With Article 50 triggered, Kate Alexander Shaw analyses the Labour Party’s ‘six tests for Brexit’, arguing that they may let the government off the hook rather than holding them to account over the UK’s final EU deal.
So the Brexit negotiation begins, and battle lines are being drawn for the coming two years. To that end, the Labour Party has announced this week a series of six tests for a good Brexit deal, and vowed to oppose the outcome if it fails to live up to them. This push for greater accountability is very welcome; the government has so far been allowed to get away with soundbites in place of a Brexit strategy, giving few clues about their negotiating plans or where Britain’s red lines might be. Unfortunately for Labour, the six tests exercise is both tactically weak and substantively flawed, managing to be simultaneously too detailed to lead the public debate, and too vague to exert meaningful pressure on the government’s negotiating stance.
First, the tactical problems: if the aim is to hold the government to account, the tests must provide a framework for organising Labour’s Brexit message. That being the case, six is simply too many bullet points to be useful to the media or memorable to the public. Identifying six areas for scrutiny is how you organise an internal process, not how you communicate it to mass audiences. This failure of presentation speaks to a larger problem with the six tests exercise: it seeks to bureaucratise a process that is, and should be, political and emotional. It applies a slide rule where it should be wielding a loud-hailer. This is emphatically not to say that the details don’t matter – they do, very much – but those details must be linked back to an overarching message for them to resonate. “I think you’ll find that is covered by test five” isn’t a strong message.
The underlying tone of the six tests is also problematic, since it implies that accountability means challenging the government to extract the best possible deal from a recalcitrant Brussels. That is, it plays into a tabloid narrative of beating concessions out of the nasty Europeans – Thatcher’s handbag all over again. The Eurosceptic members of the cabinet are perfectly comfortable with such a framing. Labour should reject it, and argue instead for clever diplomacy (not Theresa May’s strongest suit to date) as the best means to deliver a fair deal for Britain and Europe. If they really want to oppose a Brexiteer’s Brexit, they must attack both the conduct and the content of the negotiations, insisting on skilled tradecraft that builds alliances, looks for points of mutual advantage, and makes careful trade-offs between different negotiating points.
Have Labour set themselves an unreachable bar?
The problem is that the six tests do not allow Labour to entertain such trade-offs, instead presenting their six goals as separate and irreducible. The question of how these different priorities should be balanced is once again fudged. For example, we already know that it will be impossible to retain full access to the single market while ending the free movement of people. Yet the six tests insist on the best of both worlds, calling for “fair management of migration” (fair to whom?) and, on single market access, “the exact same benefits” as now. The latter phrase borrows Brexit Secretary David Davis’ own words and purports to hold him to them, but Labour must already know it is undeliverable bombast.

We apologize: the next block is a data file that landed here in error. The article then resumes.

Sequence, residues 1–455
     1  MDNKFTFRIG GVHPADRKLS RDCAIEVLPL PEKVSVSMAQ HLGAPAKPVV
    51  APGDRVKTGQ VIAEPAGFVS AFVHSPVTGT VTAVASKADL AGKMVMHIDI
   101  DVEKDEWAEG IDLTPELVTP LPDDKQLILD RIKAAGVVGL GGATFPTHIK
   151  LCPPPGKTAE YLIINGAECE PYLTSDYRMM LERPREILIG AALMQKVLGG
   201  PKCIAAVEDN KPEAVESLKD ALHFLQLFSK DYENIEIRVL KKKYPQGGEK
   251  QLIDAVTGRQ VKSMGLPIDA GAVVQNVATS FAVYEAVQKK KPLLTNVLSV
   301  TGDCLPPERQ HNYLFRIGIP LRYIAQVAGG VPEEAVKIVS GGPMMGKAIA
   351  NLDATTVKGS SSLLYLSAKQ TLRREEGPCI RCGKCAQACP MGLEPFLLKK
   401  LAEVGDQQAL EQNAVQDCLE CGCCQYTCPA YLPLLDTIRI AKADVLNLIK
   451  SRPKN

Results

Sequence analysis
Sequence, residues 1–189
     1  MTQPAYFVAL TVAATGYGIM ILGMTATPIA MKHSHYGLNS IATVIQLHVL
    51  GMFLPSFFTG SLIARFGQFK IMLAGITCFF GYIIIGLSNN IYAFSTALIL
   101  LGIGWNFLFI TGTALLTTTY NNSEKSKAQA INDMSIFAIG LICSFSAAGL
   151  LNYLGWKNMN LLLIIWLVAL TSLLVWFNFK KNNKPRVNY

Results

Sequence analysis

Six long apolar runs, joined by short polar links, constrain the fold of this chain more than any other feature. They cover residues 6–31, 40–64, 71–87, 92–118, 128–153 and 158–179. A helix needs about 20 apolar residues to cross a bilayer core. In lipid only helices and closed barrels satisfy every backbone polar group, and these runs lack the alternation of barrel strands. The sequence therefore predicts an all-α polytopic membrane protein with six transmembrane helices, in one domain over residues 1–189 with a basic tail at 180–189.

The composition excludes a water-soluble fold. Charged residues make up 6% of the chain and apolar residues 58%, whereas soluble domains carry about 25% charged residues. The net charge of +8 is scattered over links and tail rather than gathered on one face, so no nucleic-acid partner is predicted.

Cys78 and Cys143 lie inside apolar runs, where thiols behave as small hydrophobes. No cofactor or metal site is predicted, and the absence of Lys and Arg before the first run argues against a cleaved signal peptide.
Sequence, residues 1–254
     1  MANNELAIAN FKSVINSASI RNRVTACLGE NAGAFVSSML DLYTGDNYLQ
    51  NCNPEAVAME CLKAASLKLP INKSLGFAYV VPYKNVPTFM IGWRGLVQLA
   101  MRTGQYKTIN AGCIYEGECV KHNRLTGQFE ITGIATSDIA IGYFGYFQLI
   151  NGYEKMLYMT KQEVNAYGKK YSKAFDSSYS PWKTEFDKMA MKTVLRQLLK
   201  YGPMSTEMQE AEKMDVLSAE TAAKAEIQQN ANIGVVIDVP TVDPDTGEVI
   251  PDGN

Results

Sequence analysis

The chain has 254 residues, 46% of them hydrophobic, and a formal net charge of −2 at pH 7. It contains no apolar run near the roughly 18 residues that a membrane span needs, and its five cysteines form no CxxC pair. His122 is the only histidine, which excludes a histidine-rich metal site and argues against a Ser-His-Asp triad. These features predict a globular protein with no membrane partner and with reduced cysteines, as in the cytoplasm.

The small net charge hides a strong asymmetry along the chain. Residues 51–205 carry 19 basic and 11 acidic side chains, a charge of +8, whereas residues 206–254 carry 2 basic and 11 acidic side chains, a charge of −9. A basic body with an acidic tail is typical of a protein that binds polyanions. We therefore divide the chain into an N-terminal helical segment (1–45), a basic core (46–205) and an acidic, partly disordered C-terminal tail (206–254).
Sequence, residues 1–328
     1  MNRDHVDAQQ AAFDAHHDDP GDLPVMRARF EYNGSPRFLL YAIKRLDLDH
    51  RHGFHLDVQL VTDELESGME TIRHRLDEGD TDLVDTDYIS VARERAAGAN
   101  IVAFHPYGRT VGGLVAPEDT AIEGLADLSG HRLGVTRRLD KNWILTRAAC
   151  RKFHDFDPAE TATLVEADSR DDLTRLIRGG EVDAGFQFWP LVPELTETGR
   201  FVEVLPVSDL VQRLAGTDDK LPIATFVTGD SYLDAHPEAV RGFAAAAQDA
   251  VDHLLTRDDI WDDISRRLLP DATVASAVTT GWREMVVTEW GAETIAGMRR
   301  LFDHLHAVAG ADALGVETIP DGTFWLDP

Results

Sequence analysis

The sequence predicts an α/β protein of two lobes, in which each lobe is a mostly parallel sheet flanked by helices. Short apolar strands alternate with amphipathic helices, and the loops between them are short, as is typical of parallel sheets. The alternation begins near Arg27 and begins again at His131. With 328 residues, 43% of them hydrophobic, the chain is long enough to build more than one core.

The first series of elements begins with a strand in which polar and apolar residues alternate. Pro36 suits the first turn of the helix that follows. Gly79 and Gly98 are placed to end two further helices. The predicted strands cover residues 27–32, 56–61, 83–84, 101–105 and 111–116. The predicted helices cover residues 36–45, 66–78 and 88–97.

Instead of holding Davis to account for unrealism, Labour have adopted his language and set themselves an unreachable bar for supporting the Brexit deal, whatever it is and however it compares with the WTO-rules fallback position. Pinning your entire Brexit strategy to one very silly sentence by a government minister is a Westminster bubble manoeuvre that will mean little to the general public, and effectively turns Davis’ rhetorical overreach into Labour’s problem.
Meanwhile, the government is already pivoting towards a tone of pragmatic realism. Chancellor Philip Hammond’s interview on the Today programme this morning was designed to kick off the Article 50 process with a moderate voice, emphasising the likelihood of compromised outcomes and sounding phlegmatic about the fact that Britain won’t get everything it wants. The more the government adopt this tone, the shriller and more unrealistic Labour’s insistence on its six tests will look.
Presenting a wish-list that insists on optimal outcomes on six fronts, while ignoring the connections between them, is undeliverable and therefore a poor basis for scrutiny of the ongoing negotiations. The question is not whether compromises will be made, but whether they are the right ones. Positioning the government to say “your six tests are fantasy politics, while we’re operating in the real world” does not hold them to account; it plays them back onside.
Of course it is possible Labour do not expect or intend that the six tests will be met. Rather like Gordon Brown’s five tests for Euro membership, the process may be designed to lead to a ‘no’, ensuring that Labour will oppose the eventual Brexit deal and count on the public blaming the Conservatives for its consequences. If that is the position, perhaps the shadow cabinet should come clean about it, position Labour as the representative of the 48% who voted Remain, and push the government for domestic policies to mitigate the economic and social damage of a hard Brexit. But if a ‘no’ verdict is not their intention, Labour have saddled themselves with six tests that pose more questions about their own view of the details than the government’s. In that case, they will spend the next two years trying to escape a trap of their own making.
This article first appeared on the LSE Department of Government blog and it gives the views of the authors, and not the position of LSE Brexit, nor of the London School of Economics.